Try to think. If that someone you know already has your picture, which I assume you were okay with. Otherwise that someone you know wouldn't have your picture. Then what's stopping them from printing it out, putting it on a telephone pole, saying "Lost, have you seen this idiot". They could post it to Instagram, Facebook, or almost anywhere else. You cannot control the actions of others. Also it's up to users to read the fine print, and license for any app.

12. Feanor

Posts: 1346; Member since: Jun 20, 2012

I think if someone has a picture from you, you may actually not be ok with them using your picture for FaceApp, but I believe in this case there are no metadata associated to you, with only exception that advanced face recognition software can match your picture to your Facebook profile and get to you through this path, but then it's again what you decide to have given up to Facebook. I guess.

23. nodes

Posts: 1158; Member since: Mar 06, 2014

Just don't use the internet or any kind of modern technology and your privacy will be a little more guaranteed.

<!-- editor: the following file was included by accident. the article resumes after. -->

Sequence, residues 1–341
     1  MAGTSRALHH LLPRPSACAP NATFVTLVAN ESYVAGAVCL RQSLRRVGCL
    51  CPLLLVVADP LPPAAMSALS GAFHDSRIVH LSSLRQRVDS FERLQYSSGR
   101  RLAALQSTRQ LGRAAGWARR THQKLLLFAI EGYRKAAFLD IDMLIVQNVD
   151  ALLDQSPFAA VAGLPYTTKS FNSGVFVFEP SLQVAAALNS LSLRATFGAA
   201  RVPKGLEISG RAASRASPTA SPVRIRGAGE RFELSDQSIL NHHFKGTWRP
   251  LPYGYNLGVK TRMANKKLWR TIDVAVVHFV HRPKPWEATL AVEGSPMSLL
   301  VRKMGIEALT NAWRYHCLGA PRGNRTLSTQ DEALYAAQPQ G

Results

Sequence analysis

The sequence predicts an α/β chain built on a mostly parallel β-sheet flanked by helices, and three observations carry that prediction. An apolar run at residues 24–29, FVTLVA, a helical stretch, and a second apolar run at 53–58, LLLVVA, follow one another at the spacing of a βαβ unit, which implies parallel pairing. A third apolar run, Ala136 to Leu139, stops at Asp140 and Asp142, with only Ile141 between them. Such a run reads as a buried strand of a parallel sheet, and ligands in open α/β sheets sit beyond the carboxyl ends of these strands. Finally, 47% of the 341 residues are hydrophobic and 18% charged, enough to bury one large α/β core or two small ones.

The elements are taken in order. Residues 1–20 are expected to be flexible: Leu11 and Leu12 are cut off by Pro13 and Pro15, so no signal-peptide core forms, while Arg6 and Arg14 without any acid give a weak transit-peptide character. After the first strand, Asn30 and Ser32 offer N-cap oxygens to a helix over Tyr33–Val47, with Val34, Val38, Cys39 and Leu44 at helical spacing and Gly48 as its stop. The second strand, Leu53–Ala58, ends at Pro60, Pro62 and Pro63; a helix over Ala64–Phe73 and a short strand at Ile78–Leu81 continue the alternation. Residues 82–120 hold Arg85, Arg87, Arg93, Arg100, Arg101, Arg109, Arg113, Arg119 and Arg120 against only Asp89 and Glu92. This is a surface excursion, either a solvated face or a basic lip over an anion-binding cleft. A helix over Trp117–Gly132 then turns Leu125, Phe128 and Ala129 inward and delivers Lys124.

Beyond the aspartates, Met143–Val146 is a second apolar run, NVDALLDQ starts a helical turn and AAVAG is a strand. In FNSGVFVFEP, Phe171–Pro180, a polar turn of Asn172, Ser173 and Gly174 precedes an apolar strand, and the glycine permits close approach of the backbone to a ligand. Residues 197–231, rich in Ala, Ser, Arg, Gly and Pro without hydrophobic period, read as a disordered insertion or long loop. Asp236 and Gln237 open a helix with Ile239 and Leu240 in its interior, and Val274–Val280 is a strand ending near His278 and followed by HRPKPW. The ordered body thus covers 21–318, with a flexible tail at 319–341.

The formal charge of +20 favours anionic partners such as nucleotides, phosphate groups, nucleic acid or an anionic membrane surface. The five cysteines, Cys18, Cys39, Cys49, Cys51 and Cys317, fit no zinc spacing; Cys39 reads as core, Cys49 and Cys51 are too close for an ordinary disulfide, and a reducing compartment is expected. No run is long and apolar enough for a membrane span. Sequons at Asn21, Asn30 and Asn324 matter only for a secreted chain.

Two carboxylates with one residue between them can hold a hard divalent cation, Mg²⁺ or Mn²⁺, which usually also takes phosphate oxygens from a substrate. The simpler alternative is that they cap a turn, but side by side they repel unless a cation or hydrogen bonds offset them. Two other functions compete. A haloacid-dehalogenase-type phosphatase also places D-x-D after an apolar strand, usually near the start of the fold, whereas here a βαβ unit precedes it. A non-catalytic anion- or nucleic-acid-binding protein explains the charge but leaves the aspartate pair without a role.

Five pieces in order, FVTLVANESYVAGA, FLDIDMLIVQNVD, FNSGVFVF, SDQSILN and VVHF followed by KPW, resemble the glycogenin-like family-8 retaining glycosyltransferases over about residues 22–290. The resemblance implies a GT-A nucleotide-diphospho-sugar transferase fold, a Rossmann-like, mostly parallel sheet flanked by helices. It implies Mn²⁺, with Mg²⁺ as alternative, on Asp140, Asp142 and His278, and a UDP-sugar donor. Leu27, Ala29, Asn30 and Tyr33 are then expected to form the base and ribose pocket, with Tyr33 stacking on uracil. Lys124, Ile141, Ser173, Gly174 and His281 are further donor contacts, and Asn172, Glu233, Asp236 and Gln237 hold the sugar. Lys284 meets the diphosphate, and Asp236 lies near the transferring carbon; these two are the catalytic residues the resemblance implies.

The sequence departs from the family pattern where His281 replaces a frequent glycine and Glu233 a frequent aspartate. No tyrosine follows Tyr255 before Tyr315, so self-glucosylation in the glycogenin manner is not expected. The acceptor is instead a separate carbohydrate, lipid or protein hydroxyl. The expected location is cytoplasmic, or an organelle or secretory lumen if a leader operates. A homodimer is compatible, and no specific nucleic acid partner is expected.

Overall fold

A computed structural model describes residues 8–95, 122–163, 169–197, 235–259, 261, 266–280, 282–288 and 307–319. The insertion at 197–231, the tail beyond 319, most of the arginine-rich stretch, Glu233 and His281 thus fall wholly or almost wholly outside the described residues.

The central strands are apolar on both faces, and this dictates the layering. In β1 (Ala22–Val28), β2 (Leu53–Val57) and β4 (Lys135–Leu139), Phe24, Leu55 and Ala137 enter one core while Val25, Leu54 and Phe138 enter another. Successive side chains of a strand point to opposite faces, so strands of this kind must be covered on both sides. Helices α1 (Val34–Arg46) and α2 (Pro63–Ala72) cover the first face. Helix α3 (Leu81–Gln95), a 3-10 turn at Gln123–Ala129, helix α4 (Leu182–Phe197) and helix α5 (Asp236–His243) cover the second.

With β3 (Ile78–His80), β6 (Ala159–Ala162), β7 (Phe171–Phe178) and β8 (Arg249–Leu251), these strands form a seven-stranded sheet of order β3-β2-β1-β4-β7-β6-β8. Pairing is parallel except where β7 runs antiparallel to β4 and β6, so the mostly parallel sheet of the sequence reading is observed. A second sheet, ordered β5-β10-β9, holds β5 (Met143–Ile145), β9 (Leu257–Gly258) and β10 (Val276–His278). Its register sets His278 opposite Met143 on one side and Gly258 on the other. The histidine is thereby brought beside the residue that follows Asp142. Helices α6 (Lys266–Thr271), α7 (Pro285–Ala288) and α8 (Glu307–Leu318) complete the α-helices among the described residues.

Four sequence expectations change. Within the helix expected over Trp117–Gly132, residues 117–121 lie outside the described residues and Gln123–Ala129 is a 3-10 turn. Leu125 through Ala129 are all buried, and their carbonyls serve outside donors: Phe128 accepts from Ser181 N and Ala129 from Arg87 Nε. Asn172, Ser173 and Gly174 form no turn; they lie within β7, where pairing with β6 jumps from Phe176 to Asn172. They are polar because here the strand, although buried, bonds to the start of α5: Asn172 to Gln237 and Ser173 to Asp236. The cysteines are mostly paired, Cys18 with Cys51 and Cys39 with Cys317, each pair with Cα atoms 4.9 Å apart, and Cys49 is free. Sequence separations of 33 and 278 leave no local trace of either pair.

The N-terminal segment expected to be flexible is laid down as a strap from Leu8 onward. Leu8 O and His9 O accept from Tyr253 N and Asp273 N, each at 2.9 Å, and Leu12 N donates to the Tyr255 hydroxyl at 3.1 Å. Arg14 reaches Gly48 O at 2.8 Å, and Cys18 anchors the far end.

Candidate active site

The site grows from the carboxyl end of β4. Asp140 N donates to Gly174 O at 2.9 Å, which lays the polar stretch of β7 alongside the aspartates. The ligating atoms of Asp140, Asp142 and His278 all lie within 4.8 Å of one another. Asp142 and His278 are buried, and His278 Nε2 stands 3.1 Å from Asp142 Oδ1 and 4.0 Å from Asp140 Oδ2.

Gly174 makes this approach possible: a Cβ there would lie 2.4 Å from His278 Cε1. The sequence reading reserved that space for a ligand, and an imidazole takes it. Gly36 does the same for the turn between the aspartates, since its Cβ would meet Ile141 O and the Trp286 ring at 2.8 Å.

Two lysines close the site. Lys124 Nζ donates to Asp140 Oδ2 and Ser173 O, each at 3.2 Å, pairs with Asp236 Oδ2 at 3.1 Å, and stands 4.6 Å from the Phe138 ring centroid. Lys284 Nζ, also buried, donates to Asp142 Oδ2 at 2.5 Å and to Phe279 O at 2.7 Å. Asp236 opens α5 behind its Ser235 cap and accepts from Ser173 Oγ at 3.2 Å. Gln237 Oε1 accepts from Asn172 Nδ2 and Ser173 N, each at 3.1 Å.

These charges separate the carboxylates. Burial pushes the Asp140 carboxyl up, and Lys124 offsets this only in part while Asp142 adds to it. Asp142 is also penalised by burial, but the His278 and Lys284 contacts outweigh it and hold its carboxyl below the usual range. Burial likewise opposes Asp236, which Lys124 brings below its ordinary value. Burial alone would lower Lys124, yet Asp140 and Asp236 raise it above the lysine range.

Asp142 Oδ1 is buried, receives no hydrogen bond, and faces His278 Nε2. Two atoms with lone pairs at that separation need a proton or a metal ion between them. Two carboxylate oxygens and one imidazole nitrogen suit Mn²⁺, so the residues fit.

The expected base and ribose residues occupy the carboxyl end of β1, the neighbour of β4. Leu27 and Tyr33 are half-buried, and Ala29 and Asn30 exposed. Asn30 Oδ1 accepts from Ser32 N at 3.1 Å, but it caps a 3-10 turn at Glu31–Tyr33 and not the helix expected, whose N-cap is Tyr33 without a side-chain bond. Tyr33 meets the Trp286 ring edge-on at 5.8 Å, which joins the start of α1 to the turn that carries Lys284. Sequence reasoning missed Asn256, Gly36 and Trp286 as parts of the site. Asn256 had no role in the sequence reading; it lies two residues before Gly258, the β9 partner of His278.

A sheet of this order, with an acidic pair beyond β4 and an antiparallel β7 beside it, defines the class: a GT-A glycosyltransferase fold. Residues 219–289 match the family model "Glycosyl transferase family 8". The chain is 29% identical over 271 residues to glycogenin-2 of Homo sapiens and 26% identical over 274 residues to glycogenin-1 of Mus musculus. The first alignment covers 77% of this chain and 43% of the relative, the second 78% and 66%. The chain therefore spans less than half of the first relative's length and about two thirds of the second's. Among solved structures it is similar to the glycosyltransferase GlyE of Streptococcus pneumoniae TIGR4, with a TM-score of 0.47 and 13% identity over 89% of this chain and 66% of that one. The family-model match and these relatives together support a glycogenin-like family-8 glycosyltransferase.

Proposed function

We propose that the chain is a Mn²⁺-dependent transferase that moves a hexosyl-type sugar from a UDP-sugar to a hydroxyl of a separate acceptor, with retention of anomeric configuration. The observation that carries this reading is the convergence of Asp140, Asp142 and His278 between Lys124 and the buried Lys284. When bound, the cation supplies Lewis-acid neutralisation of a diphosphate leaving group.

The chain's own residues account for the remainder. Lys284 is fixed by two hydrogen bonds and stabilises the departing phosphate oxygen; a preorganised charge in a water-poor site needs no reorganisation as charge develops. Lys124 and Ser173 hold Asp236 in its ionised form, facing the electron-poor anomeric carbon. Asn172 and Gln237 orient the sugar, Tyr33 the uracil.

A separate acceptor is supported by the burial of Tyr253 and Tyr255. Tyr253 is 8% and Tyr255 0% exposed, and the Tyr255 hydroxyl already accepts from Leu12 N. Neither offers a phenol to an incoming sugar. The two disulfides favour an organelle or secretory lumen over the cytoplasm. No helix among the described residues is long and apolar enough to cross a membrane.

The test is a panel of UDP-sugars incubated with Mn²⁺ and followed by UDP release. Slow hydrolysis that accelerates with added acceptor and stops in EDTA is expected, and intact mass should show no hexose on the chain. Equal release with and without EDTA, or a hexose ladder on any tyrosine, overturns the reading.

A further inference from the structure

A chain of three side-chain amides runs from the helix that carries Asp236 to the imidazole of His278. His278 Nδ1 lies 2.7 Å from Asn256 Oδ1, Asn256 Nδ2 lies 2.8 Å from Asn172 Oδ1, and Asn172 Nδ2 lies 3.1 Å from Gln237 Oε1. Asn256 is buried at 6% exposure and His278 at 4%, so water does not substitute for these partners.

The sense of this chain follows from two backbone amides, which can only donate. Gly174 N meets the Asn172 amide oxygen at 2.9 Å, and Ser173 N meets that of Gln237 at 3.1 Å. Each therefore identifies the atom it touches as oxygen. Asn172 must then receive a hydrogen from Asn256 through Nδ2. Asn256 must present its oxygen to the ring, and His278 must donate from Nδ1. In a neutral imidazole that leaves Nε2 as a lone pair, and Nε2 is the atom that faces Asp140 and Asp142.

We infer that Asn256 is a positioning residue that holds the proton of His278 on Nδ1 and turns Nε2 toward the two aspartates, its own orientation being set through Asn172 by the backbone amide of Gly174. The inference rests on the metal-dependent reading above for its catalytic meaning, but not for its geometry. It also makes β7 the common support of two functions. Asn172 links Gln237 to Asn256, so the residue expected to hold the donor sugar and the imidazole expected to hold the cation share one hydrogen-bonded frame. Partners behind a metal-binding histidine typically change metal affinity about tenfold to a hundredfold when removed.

3. Povea

Posts: 48; Member since: Jul 03, 2015

You can't endear the likes of Google, Facebook and other big American data harvesters and still have the gut to criticise a harmless Russian photo filter, that may only put up your photo on the streets of Crimea or maybe next to Putin in Kremlin.

4. MsPooks

Posts: 77; Member since: Jul 08, 2019

They're being upfront about their terms. Good for them.

5. Vokilam

Posts: 1181; Member since: Mar 15, 2018

Wait, we all use android - and for some reason we’re worried about this all of a sudden. If this worries you (and it should) - you should check out Google’s terms every time you sign up for new gmail, store your photos on google cloud, or use a device with android.

6. miketer

Posts: 514; Member since: Apr 02, 2015